develooper Front page | perl.perl5.porters | Postings from June 2022

Re: Pre-RFC: New C API for converting from UTF-8 to code point

Thread Previous
Karl Williamson
June 29, 2022 22:39
Re: Pre-RFC: New C API for converting from UTF-8 to code point
Message ID:
On 6/28/22 19:55, Tony Cook wrote:
> On Tue, Jun 28, 2022 at 09:17:50AM -0600, Karl Williamson wrote:
>> In response to GH #19897 and GH #19842, I think we need to come up with a
>> better API to replace the deprecated functions.
>> One of the issues with the existing API is that the behavior changes
>> depending on whether warnings are enabled or not; something usually outside
>> the purview of a module author.  There's also the problem in some cases of
>> having to disambiguate the return being successful or not.
> Are these intended to replace just the deprecated functions, or also
> as an easier to use version of utf8n_to_uvchr() and its variants?

I would want to replace core calls with these, which would simplify the 
logic in most places.
> It might be worth describing how the new APIs differ from the existing
> non-deprecated APIs.  The obvious difference is start/end vs
> start/length, but I think error reporting is handled differently too.

I can add such a description.  Some existing functions already have 
start/end pointers rather than start/length parameters.  I have found 
through unhappy experience that it is quite possible for naive functions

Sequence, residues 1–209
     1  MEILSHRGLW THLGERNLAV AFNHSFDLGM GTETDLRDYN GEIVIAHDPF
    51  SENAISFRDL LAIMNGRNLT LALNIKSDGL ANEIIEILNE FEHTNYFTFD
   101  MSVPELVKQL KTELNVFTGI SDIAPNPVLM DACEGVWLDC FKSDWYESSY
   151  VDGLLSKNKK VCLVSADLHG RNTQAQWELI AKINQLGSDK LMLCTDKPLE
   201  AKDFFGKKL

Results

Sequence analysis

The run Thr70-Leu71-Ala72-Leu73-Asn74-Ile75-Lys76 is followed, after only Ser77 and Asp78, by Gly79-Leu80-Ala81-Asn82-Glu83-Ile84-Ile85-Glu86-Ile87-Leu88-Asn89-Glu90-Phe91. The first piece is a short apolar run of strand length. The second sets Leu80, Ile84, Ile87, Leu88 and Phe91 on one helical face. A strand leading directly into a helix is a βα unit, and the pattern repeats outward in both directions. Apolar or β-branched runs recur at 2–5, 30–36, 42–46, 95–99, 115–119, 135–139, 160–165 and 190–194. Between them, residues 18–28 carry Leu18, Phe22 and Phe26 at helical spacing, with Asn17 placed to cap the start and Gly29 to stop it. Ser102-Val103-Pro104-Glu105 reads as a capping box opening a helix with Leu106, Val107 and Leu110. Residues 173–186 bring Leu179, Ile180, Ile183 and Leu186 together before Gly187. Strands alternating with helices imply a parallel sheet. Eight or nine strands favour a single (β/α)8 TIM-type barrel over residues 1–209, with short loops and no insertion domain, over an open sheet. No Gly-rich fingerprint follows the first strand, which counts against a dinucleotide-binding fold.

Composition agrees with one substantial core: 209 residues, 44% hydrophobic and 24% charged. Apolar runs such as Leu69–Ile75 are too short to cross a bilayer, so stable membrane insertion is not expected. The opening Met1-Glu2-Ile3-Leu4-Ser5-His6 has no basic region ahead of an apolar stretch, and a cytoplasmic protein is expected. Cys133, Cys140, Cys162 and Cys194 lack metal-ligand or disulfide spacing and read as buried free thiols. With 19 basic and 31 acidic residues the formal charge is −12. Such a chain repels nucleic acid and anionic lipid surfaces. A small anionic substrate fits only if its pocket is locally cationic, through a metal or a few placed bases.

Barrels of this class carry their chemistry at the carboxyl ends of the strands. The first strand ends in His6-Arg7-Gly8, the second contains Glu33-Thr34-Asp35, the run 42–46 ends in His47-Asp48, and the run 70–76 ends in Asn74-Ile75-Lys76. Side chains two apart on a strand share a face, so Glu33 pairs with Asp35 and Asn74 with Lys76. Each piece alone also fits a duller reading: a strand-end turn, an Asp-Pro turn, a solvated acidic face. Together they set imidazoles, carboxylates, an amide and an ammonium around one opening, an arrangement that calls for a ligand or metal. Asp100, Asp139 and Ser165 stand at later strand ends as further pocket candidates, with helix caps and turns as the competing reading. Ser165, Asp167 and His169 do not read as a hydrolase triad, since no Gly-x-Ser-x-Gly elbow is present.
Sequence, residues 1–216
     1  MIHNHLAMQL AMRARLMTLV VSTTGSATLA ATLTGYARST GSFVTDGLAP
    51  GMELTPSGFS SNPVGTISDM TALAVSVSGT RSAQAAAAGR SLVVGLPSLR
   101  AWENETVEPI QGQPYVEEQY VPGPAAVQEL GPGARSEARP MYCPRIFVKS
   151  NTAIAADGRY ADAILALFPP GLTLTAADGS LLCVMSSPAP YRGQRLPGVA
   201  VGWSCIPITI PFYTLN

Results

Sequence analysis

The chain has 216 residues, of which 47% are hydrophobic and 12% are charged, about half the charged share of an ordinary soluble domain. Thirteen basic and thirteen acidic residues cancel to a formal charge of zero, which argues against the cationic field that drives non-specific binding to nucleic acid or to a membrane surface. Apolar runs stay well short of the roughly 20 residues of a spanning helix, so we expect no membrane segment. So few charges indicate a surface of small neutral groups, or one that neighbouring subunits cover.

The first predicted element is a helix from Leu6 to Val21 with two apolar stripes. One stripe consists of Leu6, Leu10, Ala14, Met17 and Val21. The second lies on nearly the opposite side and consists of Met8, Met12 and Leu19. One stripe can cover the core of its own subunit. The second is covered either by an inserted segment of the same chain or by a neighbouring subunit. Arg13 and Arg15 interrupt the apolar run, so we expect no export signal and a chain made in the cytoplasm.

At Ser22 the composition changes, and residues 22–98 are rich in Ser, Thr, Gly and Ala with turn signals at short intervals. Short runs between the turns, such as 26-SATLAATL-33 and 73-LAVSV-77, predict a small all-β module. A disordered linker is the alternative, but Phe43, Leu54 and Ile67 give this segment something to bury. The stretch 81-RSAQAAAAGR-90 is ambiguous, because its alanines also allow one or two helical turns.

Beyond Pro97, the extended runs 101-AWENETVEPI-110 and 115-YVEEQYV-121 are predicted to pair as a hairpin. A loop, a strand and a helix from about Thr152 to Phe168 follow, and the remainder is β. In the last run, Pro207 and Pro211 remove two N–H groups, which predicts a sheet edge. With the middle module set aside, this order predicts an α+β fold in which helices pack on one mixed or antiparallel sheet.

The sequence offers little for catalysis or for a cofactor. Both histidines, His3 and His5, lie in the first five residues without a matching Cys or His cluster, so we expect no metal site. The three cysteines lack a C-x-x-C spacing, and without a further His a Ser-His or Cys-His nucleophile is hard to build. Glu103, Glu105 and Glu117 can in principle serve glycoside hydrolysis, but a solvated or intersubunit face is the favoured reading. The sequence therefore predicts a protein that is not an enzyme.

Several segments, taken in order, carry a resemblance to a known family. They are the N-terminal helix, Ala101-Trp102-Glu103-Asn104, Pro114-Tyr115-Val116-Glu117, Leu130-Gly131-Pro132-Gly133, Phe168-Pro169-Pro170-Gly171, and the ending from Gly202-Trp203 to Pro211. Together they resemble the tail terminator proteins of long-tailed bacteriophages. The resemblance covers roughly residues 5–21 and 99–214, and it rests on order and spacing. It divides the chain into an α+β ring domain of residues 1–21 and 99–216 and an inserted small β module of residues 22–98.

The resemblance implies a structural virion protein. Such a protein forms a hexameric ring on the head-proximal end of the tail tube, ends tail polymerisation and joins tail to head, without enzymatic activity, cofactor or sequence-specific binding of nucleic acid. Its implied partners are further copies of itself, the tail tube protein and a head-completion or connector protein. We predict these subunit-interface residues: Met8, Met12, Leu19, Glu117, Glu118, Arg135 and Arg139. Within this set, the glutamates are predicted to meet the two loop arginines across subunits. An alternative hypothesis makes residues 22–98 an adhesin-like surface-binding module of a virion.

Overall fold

to end up calling another with something that should be negative, but 
ends up being treated as an extremely large positive number.  Using 
SSize_t avoids that, but cuts the permissible max length in half.

And some of the current functions that do take a Size_t parameter 
promptly add it to the start so they can do 'while (s < e)', which leads 
to more elegant loops.  So it is slightly more efficient generally to 
use the start/end form.  If you need to keep the original starting 
position, creating a s0 variable initialized to that works well.

The main difference would be that the return code doesn't have to be 
disambiguated.  Right now you can't tell whether the input was a NUL 
character or an error, without testing each return.  cpan modules don't 
tend to do this, leaving them vulnerable.  This API is so that you can 
be naive and still be safe.

The other major difference is that the state of 'use warnings' doesn't 
affect what the function returns; that it now does is quite problematic.

>> The program would not have to concern itself with malformed input; the
>> function would take care of that by itself, returning REPLACEMENT CHARACTER
>> for each malformed sequence, and setting retlen to be the offset of the
>> starting position of the next potentially legal character.  If utf8 warnings
>> are on, those would be raised for each iteration that found a malformation.
> Would there be a simple way to prevent this API producing warnings?

I had been considering adding a flag to override the state of 'use 
warnings' to turn them off unconditionally (but not the inverse).  But 
the API does already offer that capability without the flag, and you can 
get the inverse as well.  If you use the '_msgs' form, it doesn't raise 
any warnings, but returns a hash of the ones it otherwise would have. 
You can discard the hash, or translate it into the language of your 
choice, or output it yourself, regardless of 'use warnings'.  The hash 
also lets you know precisely what the malformation was.

There certainly could be a flag to just not raise any warnings.

> Tony

Thread Previous Perl Programming lists via nntp and http.
Comments to Ask Bjørn Hansen at | Group listing | About